At the Google I/O developer conference, Cloud9 IDE announces support for new client-side file system API on Google's Chrome OS.
IDE has announced a private beta preview of its support for the proposed W3C
client-side file system standard employed in recent versions of Google
Chrome, and full integration with the Google App Engine.
IDE, which provides a cloud-based IDE (Integrated Development
Environment) for Web and mobile apps, launched this new facility that
provides Chrome OS
support, making Cloud9 IDE a key method for
creating applications on Google's CR-48 Chrome-based notebook, both on and off
new integrated solution enables developers to create their development project
in Cloud9, and then test and run their code on the Google architecture. With
the full support for the new file system (FS), Chrome app developers can cache
their files in the local FS API and continue
working when they go offline, and then automatically re-sync when they go back
onto the Cloud9 IDE, to continue editing in the cloud, Cloud9 IDE officials
IDE for Google App Engine lets developers build and run Web applications
directly on Google's infrastructure, providing an economical one-stop cloud
development and deployment platform," said Google App Engine evangelist, Fred
Sauer, in a statement. "Instead of uploading an application, developers can now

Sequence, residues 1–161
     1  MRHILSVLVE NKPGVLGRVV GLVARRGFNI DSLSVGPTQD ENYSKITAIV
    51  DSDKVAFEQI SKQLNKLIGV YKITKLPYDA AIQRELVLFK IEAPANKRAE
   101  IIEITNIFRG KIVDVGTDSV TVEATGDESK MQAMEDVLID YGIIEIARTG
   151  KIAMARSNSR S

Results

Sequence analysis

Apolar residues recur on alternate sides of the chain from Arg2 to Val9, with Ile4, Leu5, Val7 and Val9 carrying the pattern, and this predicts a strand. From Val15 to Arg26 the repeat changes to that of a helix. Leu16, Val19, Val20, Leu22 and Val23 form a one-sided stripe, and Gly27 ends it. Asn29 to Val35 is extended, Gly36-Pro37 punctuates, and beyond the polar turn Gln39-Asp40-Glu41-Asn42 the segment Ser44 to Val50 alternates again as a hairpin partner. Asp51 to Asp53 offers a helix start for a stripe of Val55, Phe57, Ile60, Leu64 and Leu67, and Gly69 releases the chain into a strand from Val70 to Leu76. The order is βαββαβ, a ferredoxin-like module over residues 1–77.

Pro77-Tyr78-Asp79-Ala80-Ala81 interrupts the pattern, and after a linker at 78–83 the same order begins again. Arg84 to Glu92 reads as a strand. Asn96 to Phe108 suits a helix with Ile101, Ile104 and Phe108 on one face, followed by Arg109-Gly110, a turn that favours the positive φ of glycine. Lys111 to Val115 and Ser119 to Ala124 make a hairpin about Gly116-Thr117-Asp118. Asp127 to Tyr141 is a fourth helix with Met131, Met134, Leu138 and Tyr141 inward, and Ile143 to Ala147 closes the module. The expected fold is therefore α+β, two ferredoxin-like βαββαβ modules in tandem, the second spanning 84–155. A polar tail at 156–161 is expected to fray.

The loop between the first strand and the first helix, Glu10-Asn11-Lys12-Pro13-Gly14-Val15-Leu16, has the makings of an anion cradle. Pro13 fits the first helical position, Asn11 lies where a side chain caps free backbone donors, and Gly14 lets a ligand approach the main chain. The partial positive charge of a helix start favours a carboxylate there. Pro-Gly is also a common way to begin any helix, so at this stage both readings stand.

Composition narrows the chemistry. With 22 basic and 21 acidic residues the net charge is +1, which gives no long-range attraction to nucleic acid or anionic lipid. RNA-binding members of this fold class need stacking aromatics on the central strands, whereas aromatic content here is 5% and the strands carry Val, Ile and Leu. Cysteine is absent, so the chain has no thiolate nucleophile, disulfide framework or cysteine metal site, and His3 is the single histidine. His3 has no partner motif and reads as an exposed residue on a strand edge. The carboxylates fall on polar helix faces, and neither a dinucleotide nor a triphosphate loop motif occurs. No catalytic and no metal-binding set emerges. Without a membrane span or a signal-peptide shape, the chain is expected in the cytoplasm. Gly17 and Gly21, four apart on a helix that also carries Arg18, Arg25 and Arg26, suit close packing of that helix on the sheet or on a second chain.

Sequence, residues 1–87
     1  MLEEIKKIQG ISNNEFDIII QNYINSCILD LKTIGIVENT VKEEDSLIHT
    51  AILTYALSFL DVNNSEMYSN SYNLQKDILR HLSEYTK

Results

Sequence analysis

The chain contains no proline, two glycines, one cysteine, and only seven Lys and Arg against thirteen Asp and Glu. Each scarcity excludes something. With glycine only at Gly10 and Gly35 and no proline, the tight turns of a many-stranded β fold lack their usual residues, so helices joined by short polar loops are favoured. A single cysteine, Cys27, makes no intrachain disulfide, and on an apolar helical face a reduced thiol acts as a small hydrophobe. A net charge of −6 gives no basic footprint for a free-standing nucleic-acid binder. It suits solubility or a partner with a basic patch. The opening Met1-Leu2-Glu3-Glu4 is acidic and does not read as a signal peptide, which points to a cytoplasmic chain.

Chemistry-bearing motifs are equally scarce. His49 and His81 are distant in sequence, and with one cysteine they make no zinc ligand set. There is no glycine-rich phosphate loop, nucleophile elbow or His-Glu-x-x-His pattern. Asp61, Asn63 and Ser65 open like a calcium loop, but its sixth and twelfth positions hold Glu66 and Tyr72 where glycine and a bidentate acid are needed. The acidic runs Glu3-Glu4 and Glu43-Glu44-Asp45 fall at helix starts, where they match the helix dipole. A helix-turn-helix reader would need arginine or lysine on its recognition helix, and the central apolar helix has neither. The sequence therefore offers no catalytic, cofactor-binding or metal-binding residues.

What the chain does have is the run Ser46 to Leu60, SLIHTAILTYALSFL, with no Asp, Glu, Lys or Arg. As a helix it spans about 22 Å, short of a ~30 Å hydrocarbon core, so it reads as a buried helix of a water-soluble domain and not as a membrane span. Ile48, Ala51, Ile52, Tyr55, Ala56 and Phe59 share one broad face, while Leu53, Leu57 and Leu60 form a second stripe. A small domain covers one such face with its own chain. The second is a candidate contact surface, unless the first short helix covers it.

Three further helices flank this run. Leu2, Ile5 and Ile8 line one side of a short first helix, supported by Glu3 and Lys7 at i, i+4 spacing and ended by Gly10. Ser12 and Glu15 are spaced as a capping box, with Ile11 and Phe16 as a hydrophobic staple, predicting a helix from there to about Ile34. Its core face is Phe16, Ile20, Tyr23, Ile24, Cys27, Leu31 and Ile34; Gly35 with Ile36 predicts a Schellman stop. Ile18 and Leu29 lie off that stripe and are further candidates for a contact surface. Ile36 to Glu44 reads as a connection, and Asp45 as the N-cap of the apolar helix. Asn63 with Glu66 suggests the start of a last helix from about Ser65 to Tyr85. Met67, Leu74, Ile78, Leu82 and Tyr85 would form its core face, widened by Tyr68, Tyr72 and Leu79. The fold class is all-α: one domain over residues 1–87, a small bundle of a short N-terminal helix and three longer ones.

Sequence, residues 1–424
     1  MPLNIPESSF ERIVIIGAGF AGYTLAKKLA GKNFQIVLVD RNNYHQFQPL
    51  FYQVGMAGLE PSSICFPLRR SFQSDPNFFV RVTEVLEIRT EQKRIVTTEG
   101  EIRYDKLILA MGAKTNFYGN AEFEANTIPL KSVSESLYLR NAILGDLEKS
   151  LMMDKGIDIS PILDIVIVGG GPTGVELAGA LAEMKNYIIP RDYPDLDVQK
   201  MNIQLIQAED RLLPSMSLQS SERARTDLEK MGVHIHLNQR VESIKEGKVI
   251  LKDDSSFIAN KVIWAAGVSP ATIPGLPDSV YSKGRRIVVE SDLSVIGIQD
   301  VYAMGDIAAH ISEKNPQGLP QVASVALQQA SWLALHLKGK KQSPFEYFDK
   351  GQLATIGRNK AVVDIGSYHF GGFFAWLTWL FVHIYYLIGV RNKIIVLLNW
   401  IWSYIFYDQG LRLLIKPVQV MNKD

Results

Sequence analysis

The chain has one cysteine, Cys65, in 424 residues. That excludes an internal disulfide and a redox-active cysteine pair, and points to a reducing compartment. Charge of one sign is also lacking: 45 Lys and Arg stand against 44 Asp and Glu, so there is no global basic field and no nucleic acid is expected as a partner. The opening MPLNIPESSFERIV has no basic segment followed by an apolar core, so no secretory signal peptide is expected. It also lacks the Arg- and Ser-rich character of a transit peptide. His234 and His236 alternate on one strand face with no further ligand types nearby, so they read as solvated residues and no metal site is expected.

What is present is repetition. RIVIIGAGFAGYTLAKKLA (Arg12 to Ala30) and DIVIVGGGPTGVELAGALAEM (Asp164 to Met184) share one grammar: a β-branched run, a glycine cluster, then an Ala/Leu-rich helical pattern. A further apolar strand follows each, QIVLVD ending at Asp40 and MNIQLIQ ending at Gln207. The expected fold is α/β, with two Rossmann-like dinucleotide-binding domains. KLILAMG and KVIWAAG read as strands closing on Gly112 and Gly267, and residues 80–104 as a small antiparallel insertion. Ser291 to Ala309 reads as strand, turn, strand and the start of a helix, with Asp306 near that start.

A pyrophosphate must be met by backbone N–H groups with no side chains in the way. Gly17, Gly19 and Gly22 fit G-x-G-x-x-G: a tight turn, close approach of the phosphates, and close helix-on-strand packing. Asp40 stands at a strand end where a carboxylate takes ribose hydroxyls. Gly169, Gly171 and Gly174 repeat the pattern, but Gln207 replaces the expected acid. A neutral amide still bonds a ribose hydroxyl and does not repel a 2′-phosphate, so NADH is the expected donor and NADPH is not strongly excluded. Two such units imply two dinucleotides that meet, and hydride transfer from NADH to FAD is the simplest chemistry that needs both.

build, scale and maintain their applications right on Cloud9 IDE."
Chrome is all about extending the cloud, so we are excited to announce the
first cloud-based development environment for the Google Chrome OS and
apps," said Ruben Daniels, CEO of Cloud9, in a statement. "Up to now,
developers had no way to create apps when using a Google CR48 machine."
Cloud9 private beta for Google Chrome and Google App Engine will be
shown in theChromeDeveloperSandbox atGoogleI/O, May 10-11, 2011 at San Francisco's Moscone Center. The
beta will be generally available at the end of May, Cloud9 IDE officials said.
Darryl K. Taft covers the development tools and developer-related issues beat from his office in Baltimore. He has more than 10 years of experience in the business and is always looking for the next scoop. Taft is a member of the Association for Computing Machinery (ACM) and was named 'one of the most active middleware reporters in the world' by The Middleware Co. He also has his own card in the 'Who's Who in Enterprise Java' deck.